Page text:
Feature engineering involves selecting and engineering the features that will be used in the ML model. MLOps can help banks and financial institutions to help automate this process and ensure that the features are selected based on their relevance to the credit risk assessment task.
AI/ML models can inadvertently reflect biases and prejudices that exist in the data used to train them, leading to unfair or discriminatory outcomes. This is a particularly sensitive issue in the financial services industry, where decisions based on biassed models can have significant financial and social implications. Imposing constraints on the model to control for model biases or counterintuitive behaviour can also be an onerous task for some ML techniques.
MLOps can help address bias and fairness issues by providing tools and techniques to data scientists at banks and financial institutions for detecting and mitigating bias in machine learning models. MLOps can also help ensure that models are built and tested using diverse and representative data sets.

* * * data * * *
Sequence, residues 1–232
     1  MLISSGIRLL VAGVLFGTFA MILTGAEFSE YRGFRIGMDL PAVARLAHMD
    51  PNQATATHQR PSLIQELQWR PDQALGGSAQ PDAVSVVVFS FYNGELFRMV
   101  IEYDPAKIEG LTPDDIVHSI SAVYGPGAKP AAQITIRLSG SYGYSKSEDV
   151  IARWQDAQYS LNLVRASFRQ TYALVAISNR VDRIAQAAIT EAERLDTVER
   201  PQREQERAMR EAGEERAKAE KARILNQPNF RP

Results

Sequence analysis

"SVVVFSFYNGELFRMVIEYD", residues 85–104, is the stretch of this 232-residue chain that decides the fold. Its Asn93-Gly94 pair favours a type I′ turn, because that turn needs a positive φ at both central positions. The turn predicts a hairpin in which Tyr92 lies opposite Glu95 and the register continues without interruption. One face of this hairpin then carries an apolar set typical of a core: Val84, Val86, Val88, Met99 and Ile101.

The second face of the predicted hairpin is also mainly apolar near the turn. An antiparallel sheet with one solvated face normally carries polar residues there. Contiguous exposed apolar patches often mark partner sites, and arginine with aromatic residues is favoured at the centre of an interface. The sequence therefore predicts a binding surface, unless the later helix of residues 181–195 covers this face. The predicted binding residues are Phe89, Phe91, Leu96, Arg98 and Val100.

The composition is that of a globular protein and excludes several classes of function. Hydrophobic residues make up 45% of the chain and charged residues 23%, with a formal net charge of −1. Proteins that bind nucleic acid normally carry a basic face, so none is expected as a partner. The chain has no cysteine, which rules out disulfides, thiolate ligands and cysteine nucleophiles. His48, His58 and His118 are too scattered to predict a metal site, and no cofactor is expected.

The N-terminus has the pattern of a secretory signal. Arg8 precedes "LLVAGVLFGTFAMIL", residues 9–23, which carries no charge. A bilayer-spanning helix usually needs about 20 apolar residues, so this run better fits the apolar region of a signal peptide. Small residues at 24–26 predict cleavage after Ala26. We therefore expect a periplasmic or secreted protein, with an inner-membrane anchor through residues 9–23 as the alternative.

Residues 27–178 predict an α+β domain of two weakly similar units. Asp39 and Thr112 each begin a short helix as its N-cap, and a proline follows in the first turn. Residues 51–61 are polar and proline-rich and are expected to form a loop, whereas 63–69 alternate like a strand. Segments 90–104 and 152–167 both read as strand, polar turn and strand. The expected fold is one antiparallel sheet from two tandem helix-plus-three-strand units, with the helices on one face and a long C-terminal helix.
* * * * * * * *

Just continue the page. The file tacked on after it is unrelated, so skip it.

In addition, decomposing ML models can be complicated, thus creating issues when there is a need to explain the model’s functionality in detail. The black-boxed nature of AI/ML could be a factor holding back implementation, especially among larger regulated financial entities. MLOps can help improve model explainability by providing tools and techniques for interpreting and visualising model results. MLOps practices and tooling can also help AI/ML teams at banks to provide transparency into how models are built, tested, and deployed, making it easier to understand and explain model behaviour.